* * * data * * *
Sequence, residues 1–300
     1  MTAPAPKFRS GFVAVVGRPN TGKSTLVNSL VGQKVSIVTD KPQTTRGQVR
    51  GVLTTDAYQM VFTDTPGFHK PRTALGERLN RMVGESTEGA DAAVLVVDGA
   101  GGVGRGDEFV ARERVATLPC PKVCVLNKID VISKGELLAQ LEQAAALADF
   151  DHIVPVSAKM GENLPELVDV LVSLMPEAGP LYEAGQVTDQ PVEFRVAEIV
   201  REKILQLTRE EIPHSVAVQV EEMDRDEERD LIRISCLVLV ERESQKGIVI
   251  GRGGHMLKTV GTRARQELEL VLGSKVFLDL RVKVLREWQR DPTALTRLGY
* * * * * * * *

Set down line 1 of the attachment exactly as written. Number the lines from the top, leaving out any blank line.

Sequence, residues 1–300